Hungary minister: Country's crisis is over

Hungary economy in 'transition'
Hungary economy in 'transition'


    Hungary economy in 'transition'


Hungary economy in 'transition' 04:20

Story highlights

  • Hungary has emerged from crisis, its finance minister says
  • Gyorgy Matolcsy says Hungary has had to use unconventional economic policy measures
  • Matolcsy: These measures have been lambasted but they are the future
  • Matolcsy: EU badly needs some creativity

Hungary -- whose economy is shrinking amid political wrangling -- has been vindicated for its use of "unconventional" policies and has emerged from crisis, its finance minister says.

Gyorgy Matolcsy has overseen an economy that contracted 1.3% in the first quarter of this year, the worst performance in the European Union. However, it is expected to meet its 2012 budget deficit target of 2.5% of GDP, and Matolcsy said the country's "crisis is over."

Matolcsy said the country had to implement a series of "unconventional economic policy measures" to bring down the deficit, including one-off levies and the effective nationalization of private pensions.

The EU has lambasted the measures as unsustainable, but Matolcsy said such moves are "the future." The country was "forced to be innovative and creative," he added.

Daimler gears up in Hungary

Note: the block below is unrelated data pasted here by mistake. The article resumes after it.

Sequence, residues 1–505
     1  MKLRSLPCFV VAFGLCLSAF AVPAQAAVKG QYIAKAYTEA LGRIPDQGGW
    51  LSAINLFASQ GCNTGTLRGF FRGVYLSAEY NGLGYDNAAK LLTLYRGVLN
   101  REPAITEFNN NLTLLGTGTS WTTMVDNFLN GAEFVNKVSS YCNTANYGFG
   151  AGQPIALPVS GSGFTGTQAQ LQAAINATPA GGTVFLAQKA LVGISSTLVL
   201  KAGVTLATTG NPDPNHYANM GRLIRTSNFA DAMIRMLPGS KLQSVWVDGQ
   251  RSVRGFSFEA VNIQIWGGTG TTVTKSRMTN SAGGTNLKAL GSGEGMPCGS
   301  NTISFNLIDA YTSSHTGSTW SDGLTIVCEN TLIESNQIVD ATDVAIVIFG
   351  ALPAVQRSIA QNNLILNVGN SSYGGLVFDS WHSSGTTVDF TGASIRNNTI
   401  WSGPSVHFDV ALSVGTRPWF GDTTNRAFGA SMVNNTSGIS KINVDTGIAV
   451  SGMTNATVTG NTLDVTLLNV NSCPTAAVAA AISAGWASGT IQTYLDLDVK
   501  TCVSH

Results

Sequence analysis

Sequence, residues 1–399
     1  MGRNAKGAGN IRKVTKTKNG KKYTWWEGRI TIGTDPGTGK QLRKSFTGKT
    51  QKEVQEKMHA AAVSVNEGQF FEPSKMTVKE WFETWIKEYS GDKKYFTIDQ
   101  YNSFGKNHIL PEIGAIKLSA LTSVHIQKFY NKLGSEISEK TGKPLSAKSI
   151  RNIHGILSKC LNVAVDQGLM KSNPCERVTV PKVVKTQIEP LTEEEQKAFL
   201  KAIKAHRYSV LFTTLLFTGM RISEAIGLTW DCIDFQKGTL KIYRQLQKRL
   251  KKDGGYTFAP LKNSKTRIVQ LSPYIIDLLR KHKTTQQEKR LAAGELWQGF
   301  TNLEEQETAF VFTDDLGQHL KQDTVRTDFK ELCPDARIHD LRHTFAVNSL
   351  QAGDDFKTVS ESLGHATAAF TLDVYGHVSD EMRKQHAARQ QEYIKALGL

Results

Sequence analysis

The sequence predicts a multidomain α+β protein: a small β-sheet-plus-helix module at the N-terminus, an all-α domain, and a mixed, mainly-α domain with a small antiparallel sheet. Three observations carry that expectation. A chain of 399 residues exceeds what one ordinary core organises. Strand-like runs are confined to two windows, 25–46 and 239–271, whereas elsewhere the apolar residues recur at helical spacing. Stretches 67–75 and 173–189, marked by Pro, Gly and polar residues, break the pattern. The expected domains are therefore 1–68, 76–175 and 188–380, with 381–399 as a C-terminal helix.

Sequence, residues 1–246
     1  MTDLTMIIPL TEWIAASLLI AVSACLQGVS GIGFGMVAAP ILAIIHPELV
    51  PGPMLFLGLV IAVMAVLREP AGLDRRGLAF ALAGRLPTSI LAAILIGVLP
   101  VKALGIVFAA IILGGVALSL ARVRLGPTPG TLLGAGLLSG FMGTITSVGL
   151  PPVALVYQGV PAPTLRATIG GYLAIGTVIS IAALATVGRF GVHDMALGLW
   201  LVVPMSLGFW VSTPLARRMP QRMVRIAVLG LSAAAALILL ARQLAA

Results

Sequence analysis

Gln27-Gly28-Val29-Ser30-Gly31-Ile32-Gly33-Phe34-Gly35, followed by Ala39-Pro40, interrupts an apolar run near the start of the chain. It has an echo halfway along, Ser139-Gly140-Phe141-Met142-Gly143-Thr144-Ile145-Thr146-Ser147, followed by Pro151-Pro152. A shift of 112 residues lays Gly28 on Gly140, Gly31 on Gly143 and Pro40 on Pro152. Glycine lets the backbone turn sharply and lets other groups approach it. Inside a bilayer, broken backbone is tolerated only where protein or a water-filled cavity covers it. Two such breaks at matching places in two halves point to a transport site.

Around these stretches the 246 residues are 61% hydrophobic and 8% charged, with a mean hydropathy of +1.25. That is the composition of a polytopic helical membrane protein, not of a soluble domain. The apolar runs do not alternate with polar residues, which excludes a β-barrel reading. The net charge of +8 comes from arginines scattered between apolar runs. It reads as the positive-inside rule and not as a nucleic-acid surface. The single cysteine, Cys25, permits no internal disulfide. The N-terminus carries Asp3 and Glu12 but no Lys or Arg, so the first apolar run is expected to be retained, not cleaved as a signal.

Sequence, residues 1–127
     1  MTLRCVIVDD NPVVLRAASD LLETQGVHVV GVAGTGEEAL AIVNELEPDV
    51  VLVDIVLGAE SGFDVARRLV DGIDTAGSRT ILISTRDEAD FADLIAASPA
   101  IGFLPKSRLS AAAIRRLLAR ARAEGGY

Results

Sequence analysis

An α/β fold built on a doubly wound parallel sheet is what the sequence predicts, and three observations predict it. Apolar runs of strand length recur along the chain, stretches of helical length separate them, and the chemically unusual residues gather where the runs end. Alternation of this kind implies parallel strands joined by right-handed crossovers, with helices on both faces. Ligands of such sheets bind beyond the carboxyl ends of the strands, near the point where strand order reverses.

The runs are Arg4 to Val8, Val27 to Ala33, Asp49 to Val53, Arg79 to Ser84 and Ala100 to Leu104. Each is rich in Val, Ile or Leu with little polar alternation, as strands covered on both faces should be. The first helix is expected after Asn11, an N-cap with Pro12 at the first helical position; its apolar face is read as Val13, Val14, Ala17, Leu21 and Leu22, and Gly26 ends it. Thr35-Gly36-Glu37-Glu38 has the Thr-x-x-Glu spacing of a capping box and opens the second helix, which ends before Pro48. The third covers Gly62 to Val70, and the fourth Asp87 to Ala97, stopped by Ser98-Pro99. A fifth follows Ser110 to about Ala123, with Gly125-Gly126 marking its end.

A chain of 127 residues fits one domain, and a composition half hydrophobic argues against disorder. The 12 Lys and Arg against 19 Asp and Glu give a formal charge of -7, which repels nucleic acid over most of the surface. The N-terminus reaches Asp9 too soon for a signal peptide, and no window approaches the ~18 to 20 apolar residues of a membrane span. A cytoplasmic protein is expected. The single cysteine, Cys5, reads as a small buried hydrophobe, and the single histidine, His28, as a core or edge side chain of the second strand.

The EU froze €495 million of development funds for 2013 in response to the policies, but last month proposed lifting these sanctions as it felt the country was taking the right action to tackle its deficit. A meeting of EU finance ministers is expected to make a final decision later this month.

Daimler's Hungarian assembly line
Daimler's Hungarian assembly line


    Daimler's Hungarian assembly line


Daimler's Hungarian assembly line 03:28

Matolcsy said the moves may have been unusual, but had led to "growth, jobs and creativity." The EU "badly needed" some creativity, he said.

Friction remains between the Hungarian government and its lenders, the EU and International Monetary Fund, over additional funds. The main sticking point is a law passed last year that the EU, European Central Bank and International Monetary Fund believe jeopardizes the independence of Hungary's central bank, the Magyar Nemzeti Bank.

The law paved the way to an increase in council members and deputy governors, along with a new president who would have authority over the bank's governor. The plans raised concerns the bank's independent decision-making process could be undermined.

The Hungarian parliament delayed a vote on amendments to the law this week after the ECB indicated that the changes had not gone far enough.

Despite the pushback, Matolcsy is confident on Hungary's future. "The whole central European region will be the next hub for the global business community", he said. "It will be a region between Europe and Asia, between the States and the EU."

He added: "It is the next emerging region and you can find Hungary at its heart."

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